Catfish and The Bottlemen returned to Manchester last week for the first time since headlining Sound of the City to 8,000 people at Castlefield Bowl back in July. This time they played three back to back shows at Victoria Warehouse to a total of 15,000 people, an impressive step up in such a short space of time. The dates are part of the UK leg of their ‘The Ride Tour’, which will end on November 20th in Dublin, before the four-piece head over to America, some well needed good news for indie fans across the Atlantic.
Supporting Catfish over the three nights were Canadian band, July Talk, who did a fantastic job of warming up a huge crowd, eager with anticipation. Most of the crowd arrived early to attempt to get themselves solid places in the crowd but this never seemed to intimidate the band who are currently touring with their second album Touch. July Talk are also due to return to Manchester in March 2017, where they’ll play the Night and Day Café, so if you fancy a more intimate experience of the indie rock five-piece you know where to head.
Catfish excel at their live shows and their multiple dates at Victoria Warehouse were no exception. Lead singer Van McCann holds his audience in the palm of his hand from the moment his band walk on stage. This is a group that are adored by their devout fan base and the four-piece clearly appreciate the support, with Van taking a number of opportunities to thank the crowd for coming out. McCann is is a frontman who makes involving the entirety of a crowd seem easy and it often feels as if his audience is simply an extension of himself. Catfish and the Bottlemen seem to genuinely love being on stage and this only aids the atmosphere at their live shows, as both the band and the crowd feed off each other’s enthusiasm. The sense of community created by live music is one of the key reasons it still exists at this kind of scale, with Catfish expertly displaying it in its refined form.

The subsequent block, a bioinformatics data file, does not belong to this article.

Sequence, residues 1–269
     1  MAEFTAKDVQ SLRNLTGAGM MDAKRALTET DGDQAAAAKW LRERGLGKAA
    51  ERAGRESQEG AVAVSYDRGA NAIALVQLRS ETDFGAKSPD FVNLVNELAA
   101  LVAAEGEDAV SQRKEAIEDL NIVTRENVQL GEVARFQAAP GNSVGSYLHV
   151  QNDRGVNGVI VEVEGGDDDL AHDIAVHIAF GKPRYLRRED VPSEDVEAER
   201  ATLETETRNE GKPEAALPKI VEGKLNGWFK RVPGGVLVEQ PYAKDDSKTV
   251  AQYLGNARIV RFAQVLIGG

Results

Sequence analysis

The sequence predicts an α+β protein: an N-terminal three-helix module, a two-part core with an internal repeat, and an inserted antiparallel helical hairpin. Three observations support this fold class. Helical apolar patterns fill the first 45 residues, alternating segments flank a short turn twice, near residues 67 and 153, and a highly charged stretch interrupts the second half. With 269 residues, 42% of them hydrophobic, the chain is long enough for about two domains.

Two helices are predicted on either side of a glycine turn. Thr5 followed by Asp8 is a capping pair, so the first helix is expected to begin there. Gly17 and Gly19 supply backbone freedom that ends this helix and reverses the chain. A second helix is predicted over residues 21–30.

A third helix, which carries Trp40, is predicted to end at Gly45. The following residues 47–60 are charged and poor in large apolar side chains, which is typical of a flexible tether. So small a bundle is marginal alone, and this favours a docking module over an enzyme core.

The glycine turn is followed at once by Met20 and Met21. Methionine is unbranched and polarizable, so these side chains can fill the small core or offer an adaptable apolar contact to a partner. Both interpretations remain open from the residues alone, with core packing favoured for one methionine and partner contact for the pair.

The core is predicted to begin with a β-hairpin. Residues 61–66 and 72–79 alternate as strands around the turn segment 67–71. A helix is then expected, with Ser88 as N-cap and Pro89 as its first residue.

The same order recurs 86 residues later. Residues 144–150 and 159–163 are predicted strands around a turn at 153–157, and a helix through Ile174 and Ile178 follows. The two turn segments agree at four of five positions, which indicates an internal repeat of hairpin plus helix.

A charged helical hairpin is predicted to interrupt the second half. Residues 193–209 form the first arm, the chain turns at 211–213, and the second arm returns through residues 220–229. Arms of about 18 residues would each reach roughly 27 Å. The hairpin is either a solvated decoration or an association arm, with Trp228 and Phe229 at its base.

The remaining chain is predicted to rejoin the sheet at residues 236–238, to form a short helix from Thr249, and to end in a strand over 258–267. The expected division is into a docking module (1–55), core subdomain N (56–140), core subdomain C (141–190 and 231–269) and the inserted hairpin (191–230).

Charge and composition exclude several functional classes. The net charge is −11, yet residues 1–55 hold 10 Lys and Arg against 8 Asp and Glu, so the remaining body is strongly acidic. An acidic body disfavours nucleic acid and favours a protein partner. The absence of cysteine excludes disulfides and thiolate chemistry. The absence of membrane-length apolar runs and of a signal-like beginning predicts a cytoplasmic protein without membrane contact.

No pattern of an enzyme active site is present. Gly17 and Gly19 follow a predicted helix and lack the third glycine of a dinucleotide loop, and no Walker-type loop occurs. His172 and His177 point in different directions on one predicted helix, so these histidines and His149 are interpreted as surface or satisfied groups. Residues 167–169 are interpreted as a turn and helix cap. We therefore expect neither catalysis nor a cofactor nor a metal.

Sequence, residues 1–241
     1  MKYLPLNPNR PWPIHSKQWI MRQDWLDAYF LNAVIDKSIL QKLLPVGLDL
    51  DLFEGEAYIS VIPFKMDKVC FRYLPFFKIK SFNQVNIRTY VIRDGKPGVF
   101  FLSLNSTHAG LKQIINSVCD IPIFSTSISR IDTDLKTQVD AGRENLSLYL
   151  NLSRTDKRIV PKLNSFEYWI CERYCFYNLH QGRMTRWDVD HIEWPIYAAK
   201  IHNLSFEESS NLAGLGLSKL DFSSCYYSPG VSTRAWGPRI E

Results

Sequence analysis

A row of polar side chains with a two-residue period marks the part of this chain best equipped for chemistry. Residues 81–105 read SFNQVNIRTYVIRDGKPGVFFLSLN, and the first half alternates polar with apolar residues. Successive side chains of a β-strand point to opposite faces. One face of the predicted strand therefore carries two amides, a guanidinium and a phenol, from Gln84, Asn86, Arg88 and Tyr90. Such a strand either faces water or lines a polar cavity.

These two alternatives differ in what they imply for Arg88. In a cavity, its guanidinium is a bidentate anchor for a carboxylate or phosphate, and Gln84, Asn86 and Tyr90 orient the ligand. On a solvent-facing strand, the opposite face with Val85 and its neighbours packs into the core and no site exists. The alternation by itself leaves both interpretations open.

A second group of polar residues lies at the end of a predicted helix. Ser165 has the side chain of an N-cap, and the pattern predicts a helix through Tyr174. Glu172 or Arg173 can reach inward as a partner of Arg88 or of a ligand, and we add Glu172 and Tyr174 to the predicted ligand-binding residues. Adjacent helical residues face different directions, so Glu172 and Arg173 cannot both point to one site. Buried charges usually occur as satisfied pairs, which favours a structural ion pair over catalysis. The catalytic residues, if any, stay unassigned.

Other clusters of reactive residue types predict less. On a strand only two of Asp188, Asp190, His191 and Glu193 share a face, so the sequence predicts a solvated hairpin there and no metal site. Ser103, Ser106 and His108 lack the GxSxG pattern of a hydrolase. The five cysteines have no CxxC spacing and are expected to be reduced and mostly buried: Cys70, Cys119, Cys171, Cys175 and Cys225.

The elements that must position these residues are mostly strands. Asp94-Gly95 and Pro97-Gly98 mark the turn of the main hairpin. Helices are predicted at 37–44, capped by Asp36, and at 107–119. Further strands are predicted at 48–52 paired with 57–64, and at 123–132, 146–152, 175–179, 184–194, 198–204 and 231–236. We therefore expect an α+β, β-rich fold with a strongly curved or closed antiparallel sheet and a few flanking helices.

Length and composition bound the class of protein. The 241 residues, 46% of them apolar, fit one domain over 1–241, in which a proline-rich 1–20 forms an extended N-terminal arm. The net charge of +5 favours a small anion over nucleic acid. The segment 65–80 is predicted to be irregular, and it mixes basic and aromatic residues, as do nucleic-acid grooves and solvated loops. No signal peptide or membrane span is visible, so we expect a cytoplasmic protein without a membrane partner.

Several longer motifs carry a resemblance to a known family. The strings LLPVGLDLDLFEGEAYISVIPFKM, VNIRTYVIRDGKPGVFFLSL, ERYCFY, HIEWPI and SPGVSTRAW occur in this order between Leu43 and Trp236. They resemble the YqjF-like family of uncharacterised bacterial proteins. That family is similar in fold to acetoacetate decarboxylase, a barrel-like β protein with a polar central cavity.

There’s little to no lull from the start of Catfish’s set right through to their grand finale. It’s a performance most other bands would watch with envy, even those with much larger back catalogs of tracks to choose from. One surprising omission is Sidewinder, a brilliant song perfectly suited for anthem crowd based chanting. It doesn’t ruin the night’s proceedings, and in fact, virtually any track that Catfish could choose to include to add to their performance would be sure to go down well with an audience of such dedicated and energetic Mancunians. One criticism would be that the band played an identical setlist over their three nights at Victoria Warehouse. It’s a setlist that’s well worth seeing multiple times, but it would have been nice for them to add some variety to their proceedings in Manchester, especially with so many dates at a single venue.
They open the night with Homesick, a strong track from their debut The Balcony featuring a fine picked opening guitar riff and clear vocals. A perfect way to warm up 18,000 voices in preparation for the rest of the night. Acoustic track Hourglass makes an appearance at just the right point in the set, giving both the band and the crowd a breather from the onslaught of anthemic numbers, before ending the show in style with 7, arguably their best live song.
Cocoon is a particular crowd favourite and goes down a treat, with the audience’s chants of “fuck it if they talk, fuck it if they try and get to us”, echoing into the night. It has been traditionally used by the band to end their live performances, however it seems with the introduction of their second album The Ride and a brand new live setlist, has pushed the band to mix things up a little and instead bring the night to a close with Tyrants. Although a well-recorded song on their debut album, it’s live counterpart is something particularly special, acting as the quintessential explosive finale that was needed to bring such an impressive night to a final close.
Van has said before that number of album sales the band makes doesn’t motivate him, he’s always just wanted to fill stadiums. While Catfish may not quite be at the stadium level yet, fans should make the most of seeing the Welsh indie rockers at relatively intimate venues like Victoria Warehouse while they still can. Catfish have now repeatedly shown their ability to entertain large crowds and it’s only a matter of time before they’re filling some of the biggest venues in the country.
Catfish have had quite the journey over the last few years and with the SSE Hydro and Wembley arena to follow Manchester, their ride is far from over.